FRANCISTOWN: Two men suspected of robbing a woman of a cellphone and valuables worth P200 gave a harrowing account of how their alleged torure led to the death of one co-accused.
The suspects alleged being savagely suffocated by police officers leading to the death of one of their co-accused.
The duo, Thulani Ndiweni, 42, and Tshepo Bhebhe, 32, charged with robbery, appeared before Magistrate Cele Lebakeng on Thursday. The police allege that the accused used violence to dispossess Amina Issa of her property on March 3, 2018 at Block 3.
In addition, Bhebhe was charged with entering Botswana through an ungazetted point of entry at or near Ramokgwebana border post during a date that is unknown to the prosecution.
The duo claims that police officers circumvented arrest procedures and tortured them in custody in order to extract confessions.
They claimed that it was unacceptable for the police to have suffocated them and have now vowed to reveal the truth of how their dead co-accused, Boitshepho ‘Bisto’ Kenyaditswe, a former taxi driver, met his untimely death. The accused told the court that after the police arrested them in connection with the offence of robbery, an identification parade was conducted whereupon Issa identified Kenyaditswe as the culprit who robbed her.
Bhebhe said after the parade, some Kutlwano police officers tortured them by suffocation. Bhebhe said at first the police tortured them as a group but they later continued to torture them individually.
He stated that he was later transferred to Tatitown Police Station where he learnt from one of the cellmates he found there that Kenyaditswe died in a police cell after being tortured. As the arraignment continued, the duo reiterated that they did not rob Issa and instead, the police were implicating them in the matter because they wanted to cover up their tracks in relation to the death of Kenyaditswe.
At the end of the arraignment, Lebakeng made an order that Bhebhe should be taken to a facility for medical attention.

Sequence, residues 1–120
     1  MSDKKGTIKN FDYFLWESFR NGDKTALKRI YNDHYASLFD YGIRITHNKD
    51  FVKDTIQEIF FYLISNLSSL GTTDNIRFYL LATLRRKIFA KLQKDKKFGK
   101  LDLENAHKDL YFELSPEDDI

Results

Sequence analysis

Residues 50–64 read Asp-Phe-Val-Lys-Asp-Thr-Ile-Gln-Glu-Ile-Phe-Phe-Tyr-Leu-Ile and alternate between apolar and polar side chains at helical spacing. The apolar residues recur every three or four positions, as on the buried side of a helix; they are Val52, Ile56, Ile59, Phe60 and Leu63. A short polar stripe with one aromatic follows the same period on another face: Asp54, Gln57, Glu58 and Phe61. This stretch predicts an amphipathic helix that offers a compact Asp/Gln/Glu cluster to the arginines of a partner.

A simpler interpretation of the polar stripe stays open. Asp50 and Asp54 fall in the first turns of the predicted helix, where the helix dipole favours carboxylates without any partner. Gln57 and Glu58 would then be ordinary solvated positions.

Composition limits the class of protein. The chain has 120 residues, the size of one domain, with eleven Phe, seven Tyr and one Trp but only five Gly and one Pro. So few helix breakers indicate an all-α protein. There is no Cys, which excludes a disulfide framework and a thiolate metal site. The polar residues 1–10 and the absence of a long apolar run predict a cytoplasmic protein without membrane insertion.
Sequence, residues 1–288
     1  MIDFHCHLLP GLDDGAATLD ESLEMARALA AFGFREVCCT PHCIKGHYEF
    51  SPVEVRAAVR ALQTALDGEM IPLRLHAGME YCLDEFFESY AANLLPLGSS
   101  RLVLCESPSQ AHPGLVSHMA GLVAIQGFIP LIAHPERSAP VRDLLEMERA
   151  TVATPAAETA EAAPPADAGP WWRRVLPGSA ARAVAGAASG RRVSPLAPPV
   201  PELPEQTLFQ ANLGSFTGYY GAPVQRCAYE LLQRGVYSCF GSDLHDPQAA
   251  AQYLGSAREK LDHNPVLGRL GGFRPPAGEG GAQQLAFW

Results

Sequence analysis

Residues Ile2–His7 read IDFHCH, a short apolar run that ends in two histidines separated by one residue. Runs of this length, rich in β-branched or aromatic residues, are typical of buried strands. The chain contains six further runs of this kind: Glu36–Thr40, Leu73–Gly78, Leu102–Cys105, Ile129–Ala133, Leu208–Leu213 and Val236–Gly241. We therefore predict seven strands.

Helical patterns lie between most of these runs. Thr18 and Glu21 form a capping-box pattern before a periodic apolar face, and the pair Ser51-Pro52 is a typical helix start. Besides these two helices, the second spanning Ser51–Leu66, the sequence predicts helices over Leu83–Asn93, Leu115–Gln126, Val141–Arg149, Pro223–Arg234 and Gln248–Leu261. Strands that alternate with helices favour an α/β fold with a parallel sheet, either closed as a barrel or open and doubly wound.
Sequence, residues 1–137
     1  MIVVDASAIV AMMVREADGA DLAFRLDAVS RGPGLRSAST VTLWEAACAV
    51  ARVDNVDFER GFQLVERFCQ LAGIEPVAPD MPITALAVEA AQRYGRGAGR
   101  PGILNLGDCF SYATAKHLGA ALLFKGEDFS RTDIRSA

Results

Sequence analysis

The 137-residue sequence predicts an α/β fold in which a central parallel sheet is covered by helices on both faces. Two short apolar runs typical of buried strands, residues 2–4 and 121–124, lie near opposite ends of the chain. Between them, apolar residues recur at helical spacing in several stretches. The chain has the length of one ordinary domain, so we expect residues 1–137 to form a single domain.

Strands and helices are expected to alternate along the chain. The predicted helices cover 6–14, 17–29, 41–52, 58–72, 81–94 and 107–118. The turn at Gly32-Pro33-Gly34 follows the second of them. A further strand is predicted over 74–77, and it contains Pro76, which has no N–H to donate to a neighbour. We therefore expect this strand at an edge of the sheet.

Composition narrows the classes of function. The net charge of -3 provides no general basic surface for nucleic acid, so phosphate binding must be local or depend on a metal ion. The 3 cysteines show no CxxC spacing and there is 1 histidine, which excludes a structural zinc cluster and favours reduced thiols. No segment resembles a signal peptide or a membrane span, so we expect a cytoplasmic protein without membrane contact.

She added: “The prosecution shall avail the investigating officer to come to court to prove or disapprove what the accused
The Botswana Police Service (BPS) spokesperson, senior Superintendent Dipheko Motube recently told a local publication that Kenyaditswe was wanted by the police in connection with using explosives to illegally take money from Automated Teller Machines. Motube said during interrogation, Kenyaditswe said that he was not feeling well and was rushed to a local hospital where he was certified dead. In the past, some accused persons told the court that they were severely beaten by the police while in custody using an assortment of instruments and methods.
In some instances, the suspects claimed that the police used batons, kicked them with their booted feet and used an international form of torture called falanga (beatings on the bottom of the feet) to torture them. It is believed that it is difficult for the naked eye to see if a person was tortured using falanga hence it is a favourite form of torture used by the police worldwide.
In other instances, some accused sometimes appeared in court with swollen and bruised bodies, which may lend credence that the police may have tortured them while they were in custody.
While the police always deny that they torture suspects to extract confessions, family members of the suspects and some sections of the society are of the view that police officers investigating the torture or death of people in custody are more concerned about shielding their colleagues than bringing those responsible to justice.
Some members of the police are even calling for an independent police body to investigate whether suspects are tortured in police custody or not.
The veracity of the suspects’ claims that they were tortured while in police custody is difficult to prove because their complaints are hardly reported (only said in court but not formally reported to the police) nor ever investigated.